A San Francisco native, Coughlan was born in 1919. He began his broadcasting career at a radio station in Watsonville in 1940, at the tender age of 21. When the United States entered World War II the following year, Coughlan entered the service and became one of the original staff members of Armed Forces Radio. After serving throughout the Pacific during the war, Coughlan was discharged in 1945. He headed back to the Bay Area and was hired as an announcer at KROW Radio in Oakland. In KROW’s promotional advertisements, he was credited as “Russ Coglin”.
In the 1950s, while still working in radio, Coughlan’s television experience began, serving as the voice of “Dudley Nightshade” on the animated children’s television program, Crusader Rabbit.
During his 12 years at KROW, he became general manager. Then, in 1957, Coughlan decided it was time to shift gears. That’s when he joined KCBS Radio in San Francisco.
But, his time at KCBS would be short-lived. In 1958, Coughlan joined KGO-TV as its general sales manager, a position he held until 1968. Becoming the station’s vice president and general manager in 1971, Coughlan presided over a station that, at the time, was embarking on phenomenal growth and popularity, thanks to its rebranded News Scene news format, begun in 1969 with the likes of news anchors Fred Van Amburg and Jerry Jensen, meteorologist Pete Giddings and sportscaster John O’Reilly. Channel 7’s popularity continued to grow throughout the decade, as did Coughlan’s power at the station and his visibility in the Bay Area community.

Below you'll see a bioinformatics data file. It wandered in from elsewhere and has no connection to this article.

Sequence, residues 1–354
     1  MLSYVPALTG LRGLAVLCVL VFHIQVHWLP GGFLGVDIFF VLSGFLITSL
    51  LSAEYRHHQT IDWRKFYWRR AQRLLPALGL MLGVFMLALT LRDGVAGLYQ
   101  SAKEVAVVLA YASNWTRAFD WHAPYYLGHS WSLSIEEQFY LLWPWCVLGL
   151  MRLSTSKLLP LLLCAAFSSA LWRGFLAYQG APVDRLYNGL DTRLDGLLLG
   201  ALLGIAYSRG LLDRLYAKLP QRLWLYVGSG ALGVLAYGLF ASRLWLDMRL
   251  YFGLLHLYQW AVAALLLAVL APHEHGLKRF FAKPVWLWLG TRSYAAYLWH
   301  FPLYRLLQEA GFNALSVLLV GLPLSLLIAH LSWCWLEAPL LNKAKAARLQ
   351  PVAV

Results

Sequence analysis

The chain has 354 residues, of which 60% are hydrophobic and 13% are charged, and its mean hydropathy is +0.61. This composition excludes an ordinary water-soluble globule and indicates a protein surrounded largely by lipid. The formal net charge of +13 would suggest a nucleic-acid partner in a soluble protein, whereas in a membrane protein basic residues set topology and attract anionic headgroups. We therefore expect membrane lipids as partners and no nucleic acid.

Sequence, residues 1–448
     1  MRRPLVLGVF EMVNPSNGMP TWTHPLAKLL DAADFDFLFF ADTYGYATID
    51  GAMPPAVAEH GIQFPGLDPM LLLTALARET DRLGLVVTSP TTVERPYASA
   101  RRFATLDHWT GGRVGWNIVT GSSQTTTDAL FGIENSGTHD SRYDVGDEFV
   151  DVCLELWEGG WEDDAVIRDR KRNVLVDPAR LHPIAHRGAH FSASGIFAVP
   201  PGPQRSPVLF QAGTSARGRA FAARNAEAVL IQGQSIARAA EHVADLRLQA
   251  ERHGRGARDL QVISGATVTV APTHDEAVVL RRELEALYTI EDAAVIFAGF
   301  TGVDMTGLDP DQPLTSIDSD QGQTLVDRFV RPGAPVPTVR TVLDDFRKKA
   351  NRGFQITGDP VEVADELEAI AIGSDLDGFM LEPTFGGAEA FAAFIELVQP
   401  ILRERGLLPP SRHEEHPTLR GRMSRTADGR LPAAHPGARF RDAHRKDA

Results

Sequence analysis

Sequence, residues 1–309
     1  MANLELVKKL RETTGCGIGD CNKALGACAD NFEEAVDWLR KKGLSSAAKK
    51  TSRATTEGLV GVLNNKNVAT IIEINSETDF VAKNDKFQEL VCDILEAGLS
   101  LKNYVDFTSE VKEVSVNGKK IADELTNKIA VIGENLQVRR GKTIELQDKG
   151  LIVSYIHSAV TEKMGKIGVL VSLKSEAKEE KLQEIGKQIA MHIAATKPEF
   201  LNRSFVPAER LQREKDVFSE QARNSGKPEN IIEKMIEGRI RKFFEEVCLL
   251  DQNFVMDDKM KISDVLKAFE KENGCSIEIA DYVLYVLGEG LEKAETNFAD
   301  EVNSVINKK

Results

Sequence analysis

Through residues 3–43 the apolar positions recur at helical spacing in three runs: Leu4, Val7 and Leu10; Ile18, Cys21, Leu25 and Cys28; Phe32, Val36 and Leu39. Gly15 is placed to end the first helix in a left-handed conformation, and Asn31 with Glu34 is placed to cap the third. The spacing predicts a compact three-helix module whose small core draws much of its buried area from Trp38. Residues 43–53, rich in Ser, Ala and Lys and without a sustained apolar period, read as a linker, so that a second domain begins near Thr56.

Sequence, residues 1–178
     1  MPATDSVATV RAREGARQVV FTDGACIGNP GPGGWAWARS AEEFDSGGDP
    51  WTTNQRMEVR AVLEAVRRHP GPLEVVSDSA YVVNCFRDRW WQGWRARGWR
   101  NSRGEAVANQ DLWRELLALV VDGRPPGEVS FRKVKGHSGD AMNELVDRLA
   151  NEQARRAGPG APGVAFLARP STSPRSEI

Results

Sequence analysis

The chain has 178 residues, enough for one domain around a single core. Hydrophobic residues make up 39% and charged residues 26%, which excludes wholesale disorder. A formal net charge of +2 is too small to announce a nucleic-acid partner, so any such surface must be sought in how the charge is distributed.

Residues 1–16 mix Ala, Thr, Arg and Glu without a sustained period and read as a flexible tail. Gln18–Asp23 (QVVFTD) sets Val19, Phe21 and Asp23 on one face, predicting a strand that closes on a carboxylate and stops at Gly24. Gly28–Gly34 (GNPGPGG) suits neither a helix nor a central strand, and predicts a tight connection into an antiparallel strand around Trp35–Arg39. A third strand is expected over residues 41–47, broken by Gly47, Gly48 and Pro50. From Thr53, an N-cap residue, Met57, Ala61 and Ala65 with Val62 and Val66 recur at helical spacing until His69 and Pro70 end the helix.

He became a familiar face on Channel 7, hosting a Sunday evening television show and a KGO Radio talk show simultaneously.
During his tenure as the station’s vice president and general manager, Coughlan strengthened KGO-TV’s involvement in the community with strong editorials and countless afternoon speeches. His personal commitment to community service remained strong through the years; at one time, he made more than 100 personal appearances a year.
In the 1960s, a consortium of the Bay Area’s four major commercial television stations – KGO-TV, KPIX Channel 5, KRON Channel 4 and KTVU Channel 2 – was created with the interest of constructing a television tower that would improve broadcast reception throughout the Bay Area.
Sutro Tower, Inc., was the consortium, and at one time, Coughlan served as its president while serving as KGO-TV’s vice president and general manager.